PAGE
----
Tips for doctors to look after their emotional, physical and mental health

ByZarafshan Shiraz, Delhi
Aug 10, 2022 02:54 PM IST

The medical fraternity on the whole has been subject to occupational stress, burnout and fatigue for a very long time. Here's how doctors and other healthcare workers should look after their physical, mental and emotional well-being

When a doctor is physically fit, it gives confidence to the patient but physical health/wellness starts with mental health since good mental health is most important to maintain good physical health. There is very limited data available in India regarding prevalence of psychological problems and feelings of burnt out among medical professionals.

Tips for doctors to look after their emotional, physical and mental health (Karolina Grabowska)
Tips for doctors to look after their emotional, physical and mental health (Karolina Grabowska)

The medical fraternity on the whole has been subject to occupational stress, burnout and fatigue for a very long time but it has come to the forefront very recently in the Covid-19 pandemic. While in America, it is a much talked about conversation, in India it is yet to gain momentum.

In an interview with HT Lifestyle, Dr Nilima Vaidya Bhamare, President of Association of Medical Consultants in Mumbai, advised, “We must work towards safeguarding our doctors, nurses as well as other medical staff from long working hours, patient load and overall perils of the working environment. Having said that it is important to take matters in your own hands and work towards the health and well-being of oneself, so adopting a wholesome approach towards physical, mental, and emotional wellness is a must.”

She added, “We need intervention from the government in terms of investments and policies to promote technology and automation in the healthcare sector. This will reduce the burden on doctors and give them opportunities to focus on the core job, thus improving health outcomes and doctor-patient relationships. In addition, we also need a safe working environment for healthcare workers (given the episodes of violence against doctors), this being an essential ingredient for reducing mental stress which a doctor is surrounded by in an already high tension and high emotion kind of work atmosphere.”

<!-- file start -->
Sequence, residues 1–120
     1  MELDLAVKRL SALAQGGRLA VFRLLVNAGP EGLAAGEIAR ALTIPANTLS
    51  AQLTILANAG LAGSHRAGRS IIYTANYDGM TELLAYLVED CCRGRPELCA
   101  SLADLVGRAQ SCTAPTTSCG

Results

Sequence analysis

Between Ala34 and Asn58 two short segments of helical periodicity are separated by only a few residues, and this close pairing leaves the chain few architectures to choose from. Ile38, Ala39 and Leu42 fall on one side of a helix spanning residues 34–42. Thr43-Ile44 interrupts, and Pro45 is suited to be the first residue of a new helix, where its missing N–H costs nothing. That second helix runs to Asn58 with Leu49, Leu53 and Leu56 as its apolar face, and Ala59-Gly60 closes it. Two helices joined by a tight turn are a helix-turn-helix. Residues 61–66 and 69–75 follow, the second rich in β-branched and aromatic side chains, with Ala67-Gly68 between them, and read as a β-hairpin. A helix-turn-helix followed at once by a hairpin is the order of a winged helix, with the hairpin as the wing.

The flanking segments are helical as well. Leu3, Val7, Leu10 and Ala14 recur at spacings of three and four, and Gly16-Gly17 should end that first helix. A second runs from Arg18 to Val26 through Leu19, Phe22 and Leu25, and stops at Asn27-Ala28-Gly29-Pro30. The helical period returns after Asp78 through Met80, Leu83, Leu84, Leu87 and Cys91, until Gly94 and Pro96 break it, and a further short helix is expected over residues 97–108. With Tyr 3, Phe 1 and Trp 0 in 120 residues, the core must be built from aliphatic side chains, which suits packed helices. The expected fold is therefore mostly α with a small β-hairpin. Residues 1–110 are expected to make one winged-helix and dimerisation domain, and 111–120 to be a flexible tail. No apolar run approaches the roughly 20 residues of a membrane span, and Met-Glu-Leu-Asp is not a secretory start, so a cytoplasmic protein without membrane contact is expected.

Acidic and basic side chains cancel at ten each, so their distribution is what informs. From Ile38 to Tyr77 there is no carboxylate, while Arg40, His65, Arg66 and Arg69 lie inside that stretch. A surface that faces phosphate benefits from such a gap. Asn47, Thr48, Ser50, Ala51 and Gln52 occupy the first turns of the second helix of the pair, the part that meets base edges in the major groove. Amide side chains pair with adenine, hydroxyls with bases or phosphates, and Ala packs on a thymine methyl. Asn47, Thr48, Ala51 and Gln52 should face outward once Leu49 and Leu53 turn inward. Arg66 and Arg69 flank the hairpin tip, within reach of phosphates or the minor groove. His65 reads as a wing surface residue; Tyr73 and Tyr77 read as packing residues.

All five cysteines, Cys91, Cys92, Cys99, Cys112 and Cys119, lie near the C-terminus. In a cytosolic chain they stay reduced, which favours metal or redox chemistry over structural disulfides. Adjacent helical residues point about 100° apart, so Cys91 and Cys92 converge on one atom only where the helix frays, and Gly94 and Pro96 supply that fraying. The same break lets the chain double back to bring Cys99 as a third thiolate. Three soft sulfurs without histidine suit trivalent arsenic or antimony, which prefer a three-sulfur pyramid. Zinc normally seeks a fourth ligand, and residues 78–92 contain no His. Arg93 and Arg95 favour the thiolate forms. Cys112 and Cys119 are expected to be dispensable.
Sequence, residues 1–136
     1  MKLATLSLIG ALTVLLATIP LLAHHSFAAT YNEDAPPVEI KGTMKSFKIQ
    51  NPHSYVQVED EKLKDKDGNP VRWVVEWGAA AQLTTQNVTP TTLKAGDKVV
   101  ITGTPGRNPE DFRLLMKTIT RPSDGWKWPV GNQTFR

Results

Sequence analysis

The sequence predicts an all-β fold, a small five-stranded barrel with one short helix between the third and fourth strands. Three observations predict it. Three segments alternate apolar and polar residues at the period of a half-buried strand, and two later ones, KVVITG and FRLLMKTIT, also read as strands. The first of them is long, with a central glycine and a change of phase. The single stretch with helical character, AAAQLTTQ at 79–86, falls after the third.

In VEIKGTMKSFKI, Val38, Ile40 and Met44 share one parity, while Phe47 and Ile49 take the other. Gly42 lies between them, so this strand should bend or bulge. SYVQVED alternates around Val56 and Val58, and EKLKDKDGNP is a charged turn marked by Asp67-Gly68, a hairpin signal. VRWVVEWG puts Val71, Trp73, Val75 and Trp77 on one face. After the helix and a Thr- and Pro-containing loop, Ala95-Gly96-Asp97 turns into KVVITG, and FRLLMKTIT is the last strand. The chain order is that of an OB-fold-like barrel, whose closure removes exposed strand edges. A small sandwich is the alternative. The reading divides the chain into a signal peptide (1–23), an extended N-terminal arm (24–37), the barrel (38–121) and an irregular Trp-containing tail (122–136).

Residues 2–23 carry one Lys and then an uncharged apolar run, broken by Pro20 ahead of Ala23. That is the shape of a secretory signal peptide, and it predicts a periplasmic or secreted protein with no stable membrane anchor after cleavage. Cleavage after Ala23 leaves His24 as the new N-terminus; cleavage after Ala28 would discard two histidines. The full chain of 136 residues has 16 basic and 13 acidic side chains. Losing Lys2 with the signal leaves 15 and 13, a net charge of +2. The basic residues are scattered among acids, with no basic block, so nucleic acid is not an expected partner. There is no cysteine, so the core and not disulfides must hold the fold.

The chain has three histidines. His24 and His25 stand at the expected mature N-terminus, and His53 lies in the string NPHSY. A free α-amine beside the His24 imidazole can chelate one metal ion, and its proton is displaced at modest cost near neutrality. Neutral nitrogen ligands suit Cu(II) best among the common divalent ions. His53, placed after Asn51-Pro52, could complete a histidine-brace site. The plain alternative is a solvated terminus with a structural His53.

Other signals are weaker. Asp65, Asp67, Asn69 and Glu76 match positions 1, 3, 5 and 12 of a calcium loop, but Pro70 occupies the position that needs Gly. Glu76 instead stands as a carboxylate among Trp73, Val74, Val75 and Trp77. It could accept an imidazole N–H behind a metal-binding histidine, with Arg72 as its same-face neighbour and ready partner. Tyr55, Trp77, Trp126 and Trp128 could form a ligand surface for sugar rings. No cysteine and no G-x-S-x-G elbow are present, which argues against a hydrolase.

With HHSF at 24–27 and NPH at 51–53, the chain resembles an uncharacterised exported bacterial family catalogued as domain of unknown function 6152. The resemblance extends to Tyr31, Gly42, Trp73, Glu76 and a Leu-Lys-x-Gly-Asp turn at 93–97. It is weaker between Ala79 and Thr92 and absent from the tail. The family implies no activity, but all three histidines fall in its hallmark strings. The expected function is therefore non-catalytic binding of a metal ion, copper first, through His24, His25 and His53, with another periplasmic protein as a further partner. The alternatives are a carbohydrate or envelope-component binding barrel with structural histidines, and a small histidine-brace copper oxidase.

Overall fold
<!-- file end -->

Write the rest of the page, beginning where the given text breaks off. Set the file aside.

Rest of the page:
According to Dr Gaurangi Shah, Consultant - General Medicine at Mahim's PD Hinduja Hospital and Medical Research Center, a doctor’s health or wellness is dependent on the following factors:

1. Position - Residents/Registrars are overloaded with patient flow and work load so they hardly find time to focus on their health. Senior doctors have more responsibility but they can still get time to focus on their physical health upto certain extent.

Solution to this problem: Work hours should be defined in Healthcare Segment like any other profession. Doctors should also be able to get 5 days a week at least once in a month so that they can recharge their batteries.

2. Location - Due to scarcity of doctors, doctors working in rural area have to work more as compared to the one working in urban area. Which in turn affects doctor’s physical and mental health

Solution: Rural area development with good infrastructure and availability of quality education will inspire more doctors to work in rural area.